Had he really just said that? Was he insane? He had promised himself not to bring up the topic of Angel any more than absolutely necessary, knowing how the Council regarded Buffy's relationship with the creature. Somehow the disdain he had heard in that single Watcher's voice, a man who had probably never faced any vampire or demon in the flesh, had overridden his common sense for a moment.

"However distasteful the Council might find the Slayer's bond with that vampire," Wesley quickly went on, hoping to silence most of the angry voices before he was completely cut off, "the fact of the matter is that this bond exists and that it is quite strong. Considering the low opinion Ms. Summers had of this Council at that point it is a testament to her devotion towards Angel that she asked for our assistance in the first place."

He looked at Travers, the man who had called him back that day to tell him that the Council had no intention of helping Angel.

"We slapped her in the face that day," Wesley concluded. "We told her that her personal feelings did not matter to us in the slightest. That we considered the man she loved nothing but a worthless animal beneath our notice. Actually I am quite surprised that she simply informed me of her quitting the Council instead of slugging me."

His palms were wet and he felt a drop of sweat rolling down his forehead, but Wesley kept himself rigid. He would get this over with.

"As I said, I share part of the blame for the things that occurred. It is my belief, though, that the largest part of it lies with this Council, our outdated views on how the Slayer should be guided, and the frightening lack of compassion I have come to recognize among our ranks."

Having said that Wesley took a deep breath and walked back to his chair, dropping into it with great relief.

"I now await your judgement," he added as an afterthought.


Several hours later Quentin Travers and James Howell, head of research, sat in the study of Dame Cleary, each of them nursing a cup of tea.

"He might have had a point," Dame Cleary said completely out of the blue.

Both Travers and Howell looked up, startled. Wesley Windham-Pryce had been fired from the Council shortly after delivering his preposterous speech. The three senior members were here now to discuss what to do about Buffy Summers and Faith Capriss.

"I beg your pardon?" Howell said, not sure he had understood her correctly.

"I said he might have had a point, James," Dame Cleary repeated. "Maybe we have become set in our ways."

"Surely that young fool's words did not bespell you, Henrietta. Our troubles have started with that girl, Buffy Summers, and will end once another Slayer is called in her stead."

Dame Cleary gave Travers a stare that sent a shiver down his spine.

"I do not like where you seem to be going with this, Quentin, so I would ask you to abandon that train of thoughts right this moment."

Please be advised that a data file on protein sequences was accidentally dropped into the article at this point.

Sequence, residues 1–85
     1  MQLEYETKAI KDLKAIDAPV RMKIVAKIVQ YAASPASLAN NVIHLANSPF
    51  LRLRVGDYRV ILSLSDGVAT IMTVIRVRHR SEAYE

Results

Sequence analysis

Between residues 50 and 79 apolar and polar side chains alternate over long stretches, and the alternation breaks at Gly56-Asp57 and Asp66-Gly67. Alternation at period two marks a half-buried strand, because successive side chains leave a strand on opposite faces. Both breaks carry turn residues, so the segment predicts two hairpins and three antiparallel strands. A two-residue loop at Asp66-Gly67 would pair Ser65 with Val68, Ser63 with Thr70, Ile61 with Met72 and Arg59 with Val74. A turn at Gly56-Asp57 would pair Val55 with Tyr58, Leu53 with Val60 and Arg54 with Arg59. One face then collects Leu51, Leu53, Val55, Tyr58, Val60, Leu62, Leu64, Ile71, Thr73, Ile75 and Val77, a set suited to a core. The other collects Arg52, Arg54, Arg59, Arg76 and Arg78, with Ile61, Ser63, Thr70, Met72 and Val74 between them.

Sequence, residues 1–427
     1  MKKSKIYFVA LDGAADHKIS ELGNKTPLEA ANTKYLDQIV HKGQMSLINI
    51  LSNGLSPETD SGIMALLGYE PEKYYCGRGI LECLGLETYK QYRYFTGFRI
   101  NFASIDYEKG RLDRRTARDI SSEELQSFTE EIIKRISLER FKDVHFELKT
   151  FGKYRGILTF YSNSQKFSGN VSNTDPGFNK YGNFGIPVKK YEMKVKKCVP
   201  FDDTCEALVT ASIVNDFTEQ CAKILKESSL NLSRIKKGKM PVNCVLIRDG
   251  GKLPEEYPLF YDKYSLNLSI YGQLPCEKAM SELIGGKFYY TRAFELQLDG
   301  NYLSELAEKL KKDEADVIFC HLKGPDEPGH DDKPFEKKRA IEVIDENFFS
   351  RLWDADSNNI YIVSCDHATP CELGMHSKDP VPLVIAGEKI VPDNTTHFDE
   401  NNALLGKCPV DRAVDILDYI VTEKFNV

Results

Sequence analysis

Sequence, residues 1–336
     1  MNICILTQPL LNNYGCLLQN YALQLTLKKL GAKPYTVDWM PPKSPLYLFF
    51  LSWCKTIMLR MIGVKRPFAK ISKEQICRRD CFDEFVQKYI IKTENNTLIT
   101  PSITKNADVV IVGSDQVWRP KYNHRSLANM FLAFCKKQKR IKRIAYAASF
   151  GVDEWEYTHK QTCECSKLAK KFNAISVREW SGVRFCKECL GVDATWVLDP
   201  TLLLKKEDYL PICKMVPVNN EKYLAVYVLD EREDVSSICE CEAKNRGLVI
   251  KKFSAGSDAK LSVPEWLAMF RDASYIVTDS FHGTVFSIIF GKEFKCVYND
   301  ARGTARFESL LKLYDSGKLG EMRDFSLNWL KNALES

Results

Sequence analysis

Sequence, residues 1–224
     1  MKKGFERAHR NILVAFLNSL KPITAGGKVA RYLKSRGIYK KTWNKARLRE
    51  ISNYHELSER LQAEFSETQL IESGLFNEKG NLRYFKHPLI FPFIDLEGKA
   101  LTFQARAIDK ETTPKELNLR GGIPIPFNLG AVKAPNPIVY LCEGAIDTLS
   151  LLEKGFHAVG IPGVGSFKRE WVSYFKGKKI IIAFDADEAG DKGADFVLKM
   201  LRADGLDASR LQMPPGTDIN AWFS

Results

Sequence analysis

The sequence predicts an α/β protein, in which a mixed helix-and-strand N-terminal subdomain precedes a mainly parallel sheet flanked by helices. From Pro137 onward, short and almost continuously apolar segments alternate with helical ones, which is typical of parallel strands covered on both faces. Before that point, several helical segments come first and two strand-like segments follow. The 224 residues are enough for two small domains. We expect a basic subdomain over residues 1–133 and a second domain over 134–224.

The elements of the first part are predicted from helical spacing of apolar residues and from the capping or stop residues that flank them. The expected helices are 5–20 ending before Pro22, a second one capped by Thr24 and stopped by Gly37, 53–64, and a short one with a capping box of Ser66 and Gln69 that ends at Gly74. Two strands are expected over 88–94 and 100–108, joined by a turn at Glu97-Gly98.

Taking a sip from her tea cup, she continued, "Our troubles may have started with her, I agree, but that does not necessarily mean that she is the cause of them. There is also the oft-ignored fact that Ms. Summers has the most impressive track record of any Slayer within the last thousand years."

"Imagine how great she could be if only she would obey our orders," James said wistfully.

"Or maybe she has become what she is precisely because of her independent nature."

Howell and Travers both gasped.

"You can't honestly mean ..."

"Let us finish this discussion at another time, gentlemen," Dame Cleary interrupted them. "For the moment it is enough to know that Ms. Summers will undoubtedly continue in her duties, even without our guidance. The most pressing questions at this moment are what to do about Ms. Capriss and the Council's current lack of a supernatural agent."

"You know my views on what to do about Capriss," Travers said darkly.

"Yes, I know them. And I will remind you again that this is not our way, Quentin. We serve the light and evil done with good intent is still evil."

"Our two problems are tied together, though, are they not?" Howell asked. "The Council is without a Slayer and as long as Faith Capriss lives there will not be a new Slayer called. Ms. Summers has died once already, her replacement has already served and perished. Capriss' demise is the only option for us."

Dame Cleary sighed deeply, feeling her age. "I am very aware of this, James, and it is an option we will bear in mind. You should also consider the fact, though, that any new Slayer called after Capriss' death will take years until she is anywhere near the level that Summers currently is. And you know better than anyone, James, that those are years we might not have."

Howell nodded. It had been him who had presented the prophecies to Dame Cleary, after all.

"We know that something big is going to happen, gentlemen, and it is going to happen soon. We have maybe a year or two, but no more."

"All the more reason to act now," Travers mumbled.

"And act we shall, Quentin. But not in a way that will lead us down the path to darkness. No, there is another alternative."

Puzzled frowns appeared on both men's faces.

"I am talking about the Huntsman."

And even Quentin Travers, who firmly believed that, in the war of light against dark, the ends justified the means, paled when he heard Dame Cleary mention that name.